Kerem Öktem, European Studies Centre, South East European Studies at Oxford, St Antony's College, University of Oxford
The late Ottoman World is recently being revisited in a series of centenaries. Several conferences have been dedicated to the Balkan Wars of 1912 and 1913, and more will be dealing with the Great War in the Ottoman lands, as well as with the Armenian genocide over the next two years. While this triannial of events is exciting in its own right, however, it also bears some risks. Focusing on each specific event at the expense of the historical context bears the risk of shifting emphasis away from historical complexities and towards simplified narratives serving political expedience. Many conferences in Turkey on the Balkan Wars, for instance, seemed to be preoccupied with the depiction of atrocities committed by newly emerging Balkan nations and the suffering of Muslim refugees. The Great War perspective and a preoccupation with great power politics may be employed to understate the destruction of Armenians in 1915. And some commemorations of the Armenian genocide may be looking only at the perpetrators at the expense of the context within which they acted and the gradual descent into destruction.
A Symposium at the University of Basel, convened by Hans-Lukas Kieser (Zurich) and Maurus Reinkowski (Basel), proposed an alternative perspective on the events that led to the "Ottoman Cataclysm" and resulted in the destruction of an imperial order that had been in place, despite challenge and contestation, for more than 600 years. Focusing in particular on the years from the constitutional revolution of 1908 to the Balkan Wars and WW I, that is on the understudied years "in between", their interest was to propose a non-deterministic understanding of the dissolution of the imperial order and the violence, which came with it. Without a clear understanding of the events and ideologies leading to 1908, the effects of the 'Macedonian question', the 'spill over' of Balkan nationalisms as well as refugees into the remaining Ottoman lands, and the psychological alienation of the empire's ruling elites, later episodes of violence and revenge are incomprehensible. The same can be said for the succession of ethnic and economic conflicts over land and attempts at reform in the eastern provinces with major Armenian and Kurdish populations. As MAURUS REINKOWSKI (Basel) stressed, returning to the 1910s and early 1920s is indeed "much more than historians' obsessiveness. The core of Turkish national identity is intrinsically bound to this period."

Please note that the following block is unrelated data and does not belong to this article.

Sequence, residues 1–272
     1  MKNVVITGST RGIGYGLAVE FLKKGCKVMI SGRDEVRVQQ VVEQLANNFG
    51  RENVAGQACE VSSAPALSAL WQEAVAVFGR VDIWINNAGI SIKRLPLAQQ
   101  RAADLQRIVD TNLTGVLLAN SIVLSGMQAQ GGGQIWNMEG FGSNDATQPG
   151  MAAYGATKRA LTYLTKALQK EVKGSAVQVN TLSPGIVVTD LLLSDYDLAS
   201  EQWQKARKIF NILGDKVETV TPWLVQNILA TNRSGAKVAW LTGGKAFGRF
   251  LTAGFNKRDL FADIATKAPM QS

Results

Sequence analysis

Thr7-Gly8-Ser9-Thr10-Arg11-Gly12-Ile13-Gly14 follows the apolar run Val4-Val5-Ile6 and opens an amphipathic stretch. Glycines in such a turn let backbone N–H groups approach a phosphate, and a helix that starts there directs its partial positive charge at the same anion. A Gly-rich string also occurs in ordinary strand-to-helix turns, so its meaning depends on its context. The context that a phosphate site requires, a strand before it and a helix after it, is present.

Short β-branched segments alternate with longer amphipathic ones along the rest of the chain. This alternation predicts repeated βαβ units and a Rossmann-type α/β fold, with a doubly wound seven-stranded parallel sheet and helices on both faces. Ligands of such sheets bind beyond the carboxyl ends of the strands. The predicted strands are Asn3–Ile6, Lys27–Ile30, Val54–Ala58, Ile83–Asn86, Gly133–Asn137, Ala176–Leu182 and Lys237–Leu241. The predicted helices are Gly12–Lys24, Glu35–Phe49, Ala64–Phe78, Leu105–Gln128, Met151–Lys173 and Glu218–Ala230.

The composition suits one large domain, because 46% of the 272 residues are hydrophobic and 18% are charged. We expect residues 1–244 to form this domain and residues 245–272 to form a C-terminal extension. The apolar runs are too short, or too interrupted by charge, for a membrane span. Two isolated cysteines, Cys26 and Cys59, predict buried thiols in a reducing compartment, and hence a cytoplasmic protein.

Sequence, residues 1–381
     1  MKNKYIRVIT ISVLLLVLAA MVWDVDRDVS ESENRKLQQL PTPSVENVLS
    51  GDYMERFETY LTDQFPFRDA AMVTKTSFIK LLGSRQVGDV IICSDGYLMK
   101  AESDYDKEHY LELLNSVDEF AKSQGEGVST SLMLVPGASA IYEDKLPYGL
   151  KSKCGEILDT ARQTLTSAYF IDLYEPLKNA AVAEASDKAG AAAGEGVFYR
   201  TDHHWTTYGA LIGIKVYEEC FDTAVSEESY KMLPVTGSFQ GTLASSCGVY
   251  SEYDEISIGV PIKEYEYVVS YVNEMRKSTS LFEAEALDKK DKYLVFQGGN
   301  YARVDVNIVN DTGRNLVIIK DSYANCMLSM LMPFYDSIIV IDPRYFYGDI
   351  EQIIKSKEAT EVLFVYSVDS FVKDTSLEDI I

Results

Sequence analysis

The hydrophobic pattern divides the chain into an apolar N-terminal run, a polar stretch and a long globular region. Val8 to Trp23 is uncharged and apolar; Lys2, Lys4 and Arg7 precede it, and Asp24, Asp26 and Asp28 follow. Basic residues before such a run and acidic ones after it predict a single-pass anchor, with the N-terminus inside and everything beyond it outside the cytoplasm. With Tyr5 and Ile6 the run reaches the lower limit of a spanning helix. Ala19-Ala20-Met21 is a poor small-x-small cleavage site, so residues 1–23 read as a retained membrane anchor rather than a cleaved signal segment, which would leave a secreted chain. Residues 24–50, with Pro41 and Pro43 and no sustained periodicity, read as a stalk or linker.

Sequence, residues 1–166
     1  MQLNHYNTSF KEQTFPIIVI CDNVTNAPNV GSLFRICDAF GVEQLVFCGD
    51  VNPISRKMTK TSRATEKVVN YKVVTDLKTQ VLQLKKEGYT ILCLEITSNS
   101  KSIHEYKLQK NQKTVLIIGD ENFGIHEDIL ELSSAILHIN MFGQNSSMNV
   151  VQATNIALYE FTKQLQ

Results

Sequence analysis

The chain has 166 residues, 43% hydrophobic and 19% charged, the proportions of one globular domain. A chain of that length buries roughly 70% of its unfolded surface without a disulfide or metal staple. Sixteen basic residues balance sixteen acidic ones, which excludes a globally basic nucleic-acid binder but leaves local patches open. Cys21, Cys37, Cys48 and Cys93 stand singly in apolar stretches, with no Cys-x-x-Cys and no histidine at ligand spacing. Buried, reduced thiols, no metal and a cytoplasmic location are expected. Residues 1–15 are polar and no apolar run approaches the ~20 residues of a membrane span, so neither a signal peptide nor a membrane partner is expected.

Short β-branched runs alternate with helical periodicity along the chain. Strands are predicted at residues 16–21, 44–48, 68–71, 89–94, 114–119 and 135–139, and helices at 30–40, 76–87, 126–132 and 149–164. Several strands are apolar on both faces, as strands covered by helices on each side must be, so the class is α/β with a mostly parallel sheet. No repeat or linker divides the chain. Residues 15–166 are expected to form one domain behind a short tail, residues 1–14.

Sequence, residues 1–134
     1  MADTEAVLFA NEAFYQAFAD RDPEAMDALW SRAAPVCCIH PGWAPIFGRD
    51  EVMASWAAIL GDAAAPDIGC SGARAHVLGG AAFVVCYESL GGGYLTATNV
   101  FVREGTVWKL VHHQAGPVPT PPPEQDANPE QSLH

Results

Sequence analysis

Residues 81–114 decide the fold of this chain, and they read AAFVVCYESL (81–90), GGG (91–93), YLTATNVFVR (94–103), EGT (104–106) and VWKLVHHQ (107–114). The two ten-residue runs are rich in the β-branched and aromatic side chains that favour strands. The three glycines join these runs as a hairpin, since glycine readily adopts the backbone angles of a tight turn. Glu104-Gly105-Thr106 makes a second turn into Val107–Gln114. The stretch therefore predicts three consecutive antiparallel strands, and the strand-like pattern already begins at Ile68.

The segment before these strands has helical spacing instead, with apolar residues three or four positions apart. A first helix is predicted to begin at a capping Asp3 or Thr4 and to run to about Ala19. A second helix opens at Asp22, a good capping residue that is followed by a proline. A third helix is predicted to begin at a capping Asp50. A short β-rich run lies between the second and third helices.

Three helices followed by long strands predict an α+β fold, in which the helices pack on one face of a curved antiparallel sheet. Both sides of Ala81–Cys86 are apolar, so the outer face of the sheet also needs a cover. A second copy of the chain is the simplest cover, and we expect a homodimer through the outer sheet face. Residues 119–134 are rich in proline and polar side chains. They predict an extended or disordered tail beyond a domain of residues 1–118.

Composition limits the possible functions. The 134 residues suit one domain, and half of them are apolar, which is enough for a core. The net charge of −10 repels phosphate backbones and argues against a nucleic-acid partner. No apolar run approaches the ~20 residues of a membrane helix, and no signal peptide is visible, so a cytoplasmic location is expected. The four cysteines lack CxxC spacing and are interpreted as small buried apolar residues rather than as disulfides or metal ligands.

Establishing the analytical framework with the biblical reference to "cataclysm", HANS-LUKAS KIESER (Zurich) drew attention to the diverging perceptions held by actors on the ground. The millennial currents among Protestant missionaries with their European headquarters in Basel, only a stone's throw away from the conference venue, were premised on the anticipation of Ottoman demise as "an apocalyptical event that would make way for the reconstruction of Israel in Palestine and a new era: a global kingdom of god, or rather republics of Jesus". For the Muslim cadres of the empire, the cataclysm became synonymous with an "Ottoman War of Independence" (Mustafa Aksakal) and increasingly with the defence of a "Turkish homeland".
The Symposium consisted of three panels, which discussed the demise of Ottomanity – the promise of a non-sectarian, non-ethnic citizenship in a multicultural empire – in the Balkans and Anatolia; the contested and increasingly half-hearted efforts by European powers and the empire's rulers at salvaging this promise; and Ottoman Palestine on the eve of the British mandate.
Macedonia in Anatolia, Syria in history
The "Ottoman Cataclysm" was framed by two keynote lectures. HAMIT BOZARSLAN (Paris) led through a century of statehood in Syria, concentrating on the dynamics of tribal, ethnic and religious contestations of the state. Bozarslan concluded that the current destruction of Syrian statehood does not bode well for the future of the post-Ottoman territorial arrangements that came into place after WW 1.
ERIK-JAN ZÜRCHER (Leiden) established the crucial importance of Macedonia for the cadres of the Committee of Union and Progress (Ittihad ve Terakki Cemiyeti, abbreviated as CUP) in his lecture on "Macedonia in Anatolia". Tracing the actions of Musa Kazim (Kazim Karabekir) and other CUP leaders, he reconstructed the emergence of a Young Turk worldview in Macedonia during the years leading up to the foundation of the Ottoman Freedom Society and the uprising against Sultan Abdülhamid II that resulted in the constitutional revolution of 1908. The Young Turks' leading cadres hailed from the Vilayet-i Selase, the three provinces of Salonica, Monastir and Kosova, and witnessed European plans for administrative reform, and after the Balkan Wars, the loss of those territories. If, during the celebrations of 1908, Young Turk cadres still felt bound by the conventions of a more inclusive notion of Ottomanism, the shift towards explicitly Turkish and Muslim notions of national identity was already occurring. The violence of the Balkan Wars, the trauma of losing Rumelia, as well as the sequence of events (reform attempts failing to prevent the outbreak of national liberations wars leading to the independence of former subject nations) created the prism, whereby CUP cadres engaged with the empire's eastern territories.